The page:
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Compile time regular expressions v2

Build Status

Fast compile-time regular expression with support for matching/searching/capturing in compile-time or runtime.

You can use single header version from directory single-header. This header can be regenerated with make single-header.

More info at

What this library can do?

ctre::match<"REGEX">(subject); // C++20
"REGEX"_ctre.match(subject); // C++17 + N3599 extension
  • Matching
  • Searching
  • Capturing content (named captures are supported too)
  • Back-Reference (\g{N} syntax, and \1...\9 syntax too)

The library is implementing most of the PCRE syntax with a few exceptions:

  • atomic groups
  • boundaries other than ^$
  • callouts
  • character properties
  • comments
  • conditional patterns
  • control characters (\cX)
  • horizontal / vertical character classes (\h\H\v\V)
  • match point reset (\K)
  • named characters
  • octal numbers
  • options / modes
  • subroutines
  • unicode grapheme cluster (\X)

More documentation on

What can be subject (input)?

  • std::string-like object (std::string_view or your own string if it's providing begin/end functions with forward iterators)
  • pair of forward iterators

Supported compilers

  • clang 6.0+ (template UDL, C++17 syntax)
  • xcode clang 10.0+ (template UDL, C++17 syntax)
  • gcc 7.4+ (template UDL, C++17 syntax)
  • gcc 9.0+ (C++17 & C++20 cNTTP syntax)
  • MSVC 15.8.8+ (C++17 syntax only)

Template UDL syntax

Compiler must support N3599 extension, as GNU extension in gcc (not in GCC 9.1+) and clang.

constexpr auto match(std::string_view sv) noexcept {
	using namespace ctre::literals;
	return "h.*"_ctre.match(sv);

If you need N3599 extension in GCC 9.1+ you can't use -pedantic mode and define macro CTRE_ENABLE_LITERALS.

C++17 syntax

You can provide pattern as a constexpr ctll::fixed_string variable.

static constexpr auto pattern = ctll::fixed_string{ "h.*" };

constexpr auto match(std::string_view sv) noexcept {
	return ctre::match<pattern>(sv);

(this is tested in MSVC 15.8.8)

C++20 syntax

Currently only compiler which supports cNTTP syntax ctre::match<PATTERN>(subject) is GCC 9+.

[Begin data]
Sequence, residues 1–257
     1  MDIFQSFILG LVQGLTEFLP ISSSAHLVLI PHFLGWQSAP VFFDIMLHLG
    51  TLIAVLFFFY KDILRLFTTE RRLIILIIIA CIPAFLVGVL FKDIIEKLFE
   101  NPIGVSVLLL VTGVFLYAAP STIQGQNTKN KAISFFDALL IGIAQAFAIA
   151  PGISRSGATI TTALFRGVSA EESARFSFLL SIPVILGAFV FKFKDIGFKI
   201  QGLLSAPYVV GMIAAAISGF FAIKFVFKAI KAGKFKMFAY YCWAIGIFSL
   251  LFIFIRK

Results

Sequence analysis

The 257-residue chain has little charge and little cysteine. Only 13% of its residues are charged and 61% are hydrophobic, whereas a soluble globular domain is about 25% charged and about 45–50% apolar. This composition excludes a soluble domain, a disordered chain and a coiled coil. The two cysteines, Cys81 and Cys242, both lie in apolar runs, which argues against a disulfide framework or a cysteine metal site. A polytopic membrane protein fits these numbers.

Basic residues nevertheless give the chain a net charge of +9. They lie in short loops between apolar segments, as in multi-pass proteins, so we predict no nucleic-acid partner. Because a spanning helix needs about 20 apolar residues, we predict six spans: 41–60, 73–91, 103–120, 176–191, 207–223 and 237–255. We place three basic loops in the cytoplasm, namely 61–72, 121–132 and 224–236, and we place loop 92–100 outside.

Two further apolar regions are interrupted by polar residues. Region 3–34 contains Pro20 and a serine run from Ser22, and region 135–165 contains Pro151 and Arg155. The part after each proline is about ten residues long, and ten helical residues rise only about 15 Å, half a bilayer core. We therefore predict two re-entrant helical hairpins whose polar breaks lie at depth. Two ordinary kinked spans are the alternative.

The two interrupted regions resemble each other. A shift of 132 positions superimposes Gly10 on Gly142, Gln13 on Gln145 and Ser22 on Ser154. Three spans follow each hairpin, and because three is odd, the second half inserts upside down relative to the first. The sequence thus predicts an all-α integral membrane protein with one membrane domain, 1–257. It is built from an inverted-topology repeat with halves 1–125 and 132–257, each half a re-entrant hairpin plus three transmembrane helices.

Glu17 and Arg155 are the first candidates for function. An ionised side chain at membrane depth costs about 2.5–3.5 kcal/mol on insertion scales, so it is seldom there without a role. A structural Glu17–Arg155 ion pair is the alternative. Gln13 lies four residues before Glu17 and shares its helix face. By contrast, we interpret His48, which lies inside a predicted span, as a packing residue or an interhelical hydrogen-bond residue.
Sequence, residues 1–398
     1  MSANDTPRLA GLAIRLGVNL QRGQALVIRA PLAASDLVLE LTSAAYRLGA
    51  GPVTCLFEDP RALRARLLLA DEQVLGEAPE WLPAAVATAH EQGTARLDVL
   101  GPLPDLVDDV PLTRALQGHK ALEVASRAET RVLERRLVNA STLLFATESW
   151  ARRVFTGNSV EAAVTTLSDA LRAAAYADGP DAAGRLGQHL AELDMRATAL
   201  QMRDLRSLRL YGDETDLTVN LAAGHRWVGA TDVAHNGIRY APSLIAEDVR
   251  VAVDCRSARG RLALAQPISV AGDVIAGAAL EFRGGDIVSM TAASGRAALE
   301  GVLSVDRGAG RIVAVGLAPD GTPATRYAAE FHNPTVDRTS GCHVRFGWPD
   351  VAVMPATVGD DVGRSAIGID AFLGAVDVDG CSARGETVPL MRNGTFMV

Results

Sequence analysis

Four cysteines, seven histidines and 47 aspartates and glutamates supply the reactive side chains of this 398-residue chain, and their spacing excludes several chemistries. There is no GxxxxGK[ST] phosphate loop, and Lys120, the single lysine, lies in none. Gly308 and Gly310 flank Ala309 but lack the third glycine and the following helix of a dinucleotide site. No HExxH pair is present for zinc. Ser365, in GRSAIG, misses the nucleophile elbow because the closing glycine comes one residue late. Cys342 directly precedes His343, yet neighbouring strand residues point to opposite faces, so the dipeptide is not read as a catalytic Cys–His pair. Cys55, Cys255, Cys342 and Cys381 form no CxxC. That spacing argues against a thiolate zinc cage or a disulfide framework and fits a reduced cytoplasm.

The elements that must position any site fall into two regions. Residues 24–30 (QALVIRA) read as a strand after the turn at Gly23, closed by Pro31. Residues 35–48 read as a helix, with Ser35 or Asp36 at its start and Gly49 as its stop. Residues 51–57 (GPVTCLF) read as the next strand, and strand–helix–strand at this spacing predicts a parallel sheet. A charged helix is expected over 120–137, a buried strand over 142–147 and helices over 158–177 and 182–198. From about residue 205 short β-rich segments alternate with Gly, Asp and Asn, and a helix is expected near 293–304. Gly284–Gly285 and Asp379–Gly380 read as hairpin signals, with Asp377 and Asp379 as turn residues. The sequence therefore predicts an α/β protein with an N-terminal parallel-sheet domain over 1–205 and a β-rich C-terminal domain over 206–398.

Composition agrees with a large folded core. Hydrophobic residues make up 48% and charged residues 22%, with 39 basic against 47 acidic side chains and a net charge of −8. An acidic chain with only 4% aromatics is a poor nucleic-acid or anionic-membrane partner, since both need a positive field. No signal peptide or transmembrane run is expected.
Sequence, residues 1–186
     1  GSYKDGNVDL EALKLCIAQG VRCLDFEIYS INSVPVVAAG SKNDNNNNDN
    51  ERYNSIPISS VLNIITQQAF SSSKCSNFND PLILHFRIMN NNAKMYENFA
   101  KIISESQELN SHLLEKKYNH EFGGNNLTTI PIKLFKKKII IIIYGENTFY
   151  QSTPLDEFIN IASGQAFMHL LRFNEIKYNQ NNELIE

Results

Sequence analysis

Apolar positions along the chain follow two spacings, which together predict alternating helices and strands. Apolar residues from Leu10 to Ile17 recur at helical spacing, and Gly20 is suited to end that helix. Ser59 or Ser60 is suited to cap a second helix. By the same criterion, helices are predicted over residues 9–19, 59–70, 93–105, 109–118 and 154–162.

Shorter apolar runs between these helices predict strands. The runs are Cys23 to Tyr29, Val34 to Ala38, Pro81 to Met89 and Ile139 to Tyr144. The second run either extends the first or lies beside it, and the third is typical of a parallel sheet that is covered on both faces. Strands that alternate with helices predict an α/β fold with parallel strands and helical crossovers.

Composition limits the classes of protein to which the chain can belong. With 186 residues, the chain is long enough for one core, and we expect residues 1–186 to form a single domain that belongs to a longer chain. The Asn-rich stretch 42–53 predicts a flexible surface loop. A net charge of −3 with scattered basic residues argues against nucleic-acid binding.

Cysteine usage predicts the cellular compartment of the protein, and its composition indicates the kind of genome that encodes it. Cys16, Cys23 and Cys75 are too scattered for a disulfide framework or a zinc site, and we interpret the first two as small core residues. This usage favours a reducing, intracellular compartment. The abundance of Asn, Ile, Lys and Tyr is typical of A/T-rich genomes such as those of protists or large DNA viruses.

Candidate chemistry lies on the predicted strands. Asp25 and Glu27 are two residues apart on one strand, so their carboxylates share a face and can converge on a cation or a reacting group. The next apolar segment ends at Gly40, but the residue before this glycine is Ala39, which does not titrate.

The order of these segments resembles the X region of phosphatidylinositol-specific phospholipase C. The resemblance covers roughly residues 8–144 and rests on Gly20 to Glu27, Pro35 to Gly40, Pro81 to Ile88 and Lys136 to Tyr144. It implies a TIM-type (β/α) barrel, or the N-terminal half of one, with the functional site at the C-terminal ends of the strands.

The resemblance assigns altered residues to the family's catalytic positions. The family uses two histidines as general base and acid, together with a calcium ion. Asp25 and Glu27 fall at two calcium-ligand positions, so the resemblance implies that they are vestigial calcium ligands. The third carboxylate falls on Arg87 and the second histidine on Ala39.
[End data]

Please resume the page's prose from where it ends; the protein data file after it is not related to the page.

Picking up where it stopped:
constexpr auto match(std::string_view sv) noexcept {
	return ctre::match<"h.*">(sv);


Extracting number from input

std::optional<std::string_view> extract_number(std::string_view s) noexcept {
	if (auto m = ctre::match<"[a-z]+([0-9]+)">(s)) {
        return m.get<1>().to_view();
    } else {
        return std::nullopt;

link to compiler explorer

Extracting values from date

struct date { std::string_view year; std::string_view month; std::string_view day; };

std::optional<date> extract_date(std::string_view s) noexcept {
    using namespace ctre::literals;
    if (auto [whole, year, month, day] = ctre::match<"(\\d{4})/(\\d{1,2})/(\\d{1,2})">(s); whole) {
        return date{year, month, day};
    } else {
        return std::nullopt;

//static_assert((*extract_date("2018/08/27"sv)).year == "2018"sv);
//static_assert((*extract_date("2018/08/27"sv)).month == "08"sv);
//static_assert((*extract_date("2018/08/27"sv)).day == "27"sv);

link to compiler explorer

Using captures
auto result = ctre::match<"(?<year>\\d{4})/(?<month>\\d{1,2})/(?<day>\\d{1,2})">(s);
return date{result.get<"year">(), result.get<"month">, result.get<"day">};

// or in C++ emulation, but the object must have a linkage
static constexpr ctll::fixed_string year = "year";
static constexpr ctll::fixed_string month = "month";
static constexpr ctll::fixed_string day = "day";
return date{result.get<year>(), result.get<month>, result.get<day>};

// or use numbered access
// capture 0 is the whole match
return date{result.get<1>(), result.get<2>, result.get<3>};


enum class type {
    unknown, identifier, number

struct lex_item {
    type t;
    std::string_view c;

std::optional<lex_item> lexer(std::string_view v) noexcept {
    if (auto [m,id,num] = ctre::match<"([a-z]+)|([0-9]+)">(v); m) {
        if (id) {
            return lex_item{type::identifier, id};
        } else if (num) {
            return lex_item{type::number, num};
    return std::nullopt;

link to compiler explorer

Range over input

This support is preliminary and probably the API will be changed.

auto input = "123,456,768"sv;

for (auto match: ctre::range<"([0-9]+),?">(input)) {
	std::cout << std::string_view{match.get<0>()} << "\n";
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